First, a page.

Divorce Court Judge Mablean Ephriam Discusses Recent Separation from Show
Subject: 'Divorce Court' Judge Mablean Ephriam Discusses Details of Recent Separation from Show
'Divorce Court' Judge Mablean Ephriam Discusses Details of Recent Separation from Show
LOS ANGELES--Popular television "Divorce Court" Judge Mablean Ephriam held a press conference at the Los Angeles Sentinel
discussing details of recent separation from show.
Judge Mablean Ephriam Statement
Good morning. Thank you all for coming. I called this press conference today to address the issue of my departure from Fox Television as the Judge of Divorce Court. It is true. I will no longer be the Judge of Divorce Court as of the Fall Season, 2006. However, it is not true that I "decided to step down after seven years".
The truth is that Fox and I were unable to reach an agreement, after several months of negotiations. I was willing to stay. Fox was unwilling to pay.
After seven years of a successful show run, the deal Fox offered me was substantially less than all of the other court show judges. Though I made several offers of reduction from my initial demand, in an effort to reach a settlement, Fox remained firm in its "low-ball offer" and finally, its "take- or -leave it offer" which contained a very small increase from its initial position, coupled with some other unreasonable demands. Fox took the position that in order to receive this small increase (which was still unequal); there would be "significant production changes". I simply requested equal pay for equal work. Is this too much to ask?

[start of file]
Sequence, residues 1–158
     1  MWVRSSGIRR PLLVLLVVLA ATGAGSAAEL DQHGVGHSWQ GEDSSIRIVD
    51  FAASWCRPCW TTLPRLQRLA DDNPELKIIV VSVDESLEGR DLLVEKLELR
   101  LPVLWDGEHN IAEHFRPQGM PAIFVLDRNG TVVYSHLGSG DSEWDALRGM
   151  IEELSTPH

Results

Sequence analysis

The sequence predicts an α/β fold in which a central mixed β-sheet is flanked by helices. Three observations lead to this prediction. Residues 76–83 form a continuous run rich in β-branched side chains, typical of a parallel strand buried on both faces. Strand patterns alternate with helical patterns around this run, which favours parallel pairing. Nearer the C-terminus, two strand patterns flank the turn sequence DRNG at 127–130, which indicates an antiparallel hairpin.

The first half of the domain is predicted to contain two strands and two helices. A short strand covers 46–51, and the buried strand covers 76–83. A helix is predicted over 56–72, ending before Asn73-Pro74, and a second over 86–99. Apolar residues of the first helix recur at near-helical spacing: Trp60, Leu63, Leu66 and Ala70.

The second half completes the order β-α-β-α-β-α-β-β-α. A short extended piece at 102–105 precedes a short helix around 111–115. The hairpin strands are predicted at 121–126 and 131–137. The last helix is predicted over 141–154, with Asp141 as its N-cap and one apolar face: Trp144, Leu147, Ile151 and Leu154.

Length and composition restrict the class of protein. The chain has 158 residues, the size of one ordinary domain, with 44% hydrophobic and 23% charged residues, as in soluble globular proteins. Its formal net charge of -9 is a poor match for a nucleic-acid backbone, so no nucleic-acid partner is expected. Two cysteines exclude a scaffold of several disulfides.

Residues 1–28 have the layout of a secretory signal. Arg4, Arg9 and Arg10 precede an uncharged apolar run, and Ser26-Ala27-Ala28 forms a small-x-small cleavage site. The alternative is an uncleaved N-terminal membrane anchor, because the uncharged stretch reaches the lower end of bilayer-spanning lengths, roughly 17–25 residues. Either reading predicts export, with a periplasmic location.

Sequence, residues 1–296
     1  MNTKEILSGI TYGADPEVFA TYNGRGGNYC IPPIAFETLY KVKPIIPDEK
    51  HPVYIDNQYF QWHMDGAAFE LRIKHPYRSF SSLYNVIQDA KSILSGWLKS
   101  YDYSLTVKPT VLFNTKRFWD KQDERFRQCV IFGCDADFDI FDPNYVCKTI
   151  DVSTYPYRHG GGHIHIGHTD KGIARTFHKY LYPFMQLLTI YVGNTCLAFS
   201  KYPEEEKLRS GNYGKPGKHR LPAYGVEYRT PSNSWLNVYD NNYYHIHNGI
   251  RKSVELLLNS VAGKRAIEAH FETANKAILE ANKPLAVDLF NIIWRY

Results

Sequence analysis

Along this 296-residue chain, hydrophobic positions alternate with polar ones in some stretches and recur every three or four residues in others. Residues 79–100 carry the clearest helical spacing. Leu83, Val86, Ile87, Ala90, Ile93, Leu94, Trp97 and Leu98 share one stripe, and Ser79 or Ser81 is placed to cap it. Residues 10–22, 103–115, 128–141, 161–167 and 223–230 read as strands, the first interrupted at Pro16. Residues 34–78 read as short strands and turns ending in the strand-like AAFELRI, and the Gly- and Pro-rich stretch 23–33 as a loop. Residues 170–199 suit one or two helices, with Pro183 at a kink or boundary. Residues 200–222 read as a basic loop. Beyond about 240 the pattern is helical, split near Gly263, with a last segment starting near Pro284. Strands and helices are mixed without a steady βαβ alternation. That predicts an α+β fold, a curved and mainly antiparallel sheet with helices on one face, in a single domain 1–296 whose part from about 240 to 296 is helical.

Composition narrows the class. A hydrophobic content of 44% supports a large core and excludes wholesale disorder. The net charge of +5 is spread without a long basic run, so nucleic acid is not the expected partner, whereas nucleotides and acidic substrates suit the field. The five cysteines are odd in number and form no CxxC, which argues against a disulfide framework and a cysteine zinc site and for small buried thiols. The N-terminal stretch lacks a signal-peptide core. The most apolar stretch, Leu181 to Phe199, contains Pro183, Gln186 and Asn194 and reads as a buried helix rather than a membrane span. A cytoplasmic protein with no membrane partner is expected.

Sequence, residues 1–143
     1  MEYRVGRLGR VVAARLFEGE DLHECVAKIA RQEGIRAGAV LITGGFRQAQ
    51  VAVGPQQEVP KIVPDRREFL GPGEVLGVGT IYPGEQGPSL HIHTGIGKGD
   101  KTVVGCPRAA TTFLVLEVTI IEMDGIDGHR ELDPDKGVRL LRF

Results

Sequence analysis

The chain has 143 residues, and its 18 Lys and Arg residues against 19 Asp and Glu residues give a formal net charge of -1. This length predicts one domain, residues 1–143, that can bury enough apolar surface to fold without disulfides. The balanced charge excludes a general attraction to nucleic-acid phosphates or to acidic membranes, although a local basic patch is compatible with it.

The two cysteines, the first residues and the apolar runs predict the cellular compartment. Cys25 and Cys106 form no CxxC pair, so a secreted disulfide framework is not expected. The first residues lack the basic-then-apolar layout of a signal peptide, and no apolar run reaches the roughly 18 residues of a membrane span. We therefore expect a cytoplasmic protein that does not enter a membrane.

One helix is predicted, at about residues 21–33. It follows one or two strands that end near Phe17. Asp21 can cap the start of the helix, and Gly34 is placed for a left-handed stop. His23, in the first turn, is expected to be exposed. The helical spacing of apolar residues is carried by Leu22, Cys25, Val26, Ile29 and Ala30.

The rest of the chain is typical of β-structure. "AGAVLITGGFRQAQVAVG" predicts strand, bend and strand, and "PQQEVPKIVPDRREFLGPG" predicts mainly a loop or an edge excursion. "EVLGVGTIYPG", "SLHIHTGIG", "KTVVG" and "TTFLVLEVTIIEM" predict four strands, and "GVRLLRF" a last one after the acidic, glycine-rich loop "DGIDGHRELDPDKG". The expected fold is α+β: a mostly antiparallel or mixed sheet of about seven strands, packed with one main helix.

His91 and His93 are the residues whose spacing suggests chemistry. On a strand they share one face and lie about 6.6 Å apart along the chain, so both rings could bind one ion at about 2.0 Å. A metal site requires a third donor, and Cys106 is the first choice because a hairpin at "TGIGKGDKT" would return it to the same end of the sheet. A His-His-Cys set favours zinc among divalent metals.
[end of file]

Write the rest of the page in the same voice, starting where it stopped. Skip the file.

The most unacceptable demand to me was when Fox said, "There will be no changes in the current hairstyle to avoid time consuming issues regarding her hair," I found this to be offensive. The requirement also comes very close to a violation, if it does not in fact violate, the Fair Employment Practices Act. An employer cannot demand one to wear a particular hairstyle unless it directly affects or impacts the employee's ability to perform his or her employment duties. My hairstyle does not meet this criteria, it is, however, a racial and ethnic issue. Suddenly, after seven years of a show that has run neck- in- neck with the other top rated court shows, why is my hair an issue. Why, I ask? Because of my ethnicity - African American, Black, Negro, whatever term you prefer to use. Because of my genetics (short, curly, hair) which requires the use of chemicals and/or a hot pressing comb to straighten and curlers to style. It cannot be styled by a wash, blow dry and set. Therefore, in Fox's opinion, it is a time consuming issue. I wore a short hairstyle which was my own hair. Due to a misapplication of a chemical process, I lost a substantial amount of hair in season six. Out of my desire to maintain continuity, and the image I had created (for the last five years), I elected to wear a wig last year for continuity. Had Fox asked me to maintain a short hairstyle for continuity and for image, it would have been a different issue. But they are saying I must continue to wear the wig because that would expedite the hair styling process. However, my hair has now grown. I had not yet decided what hairstyle I would wear for season eight. If I were to accept their demands, I would have been unable to make that decision.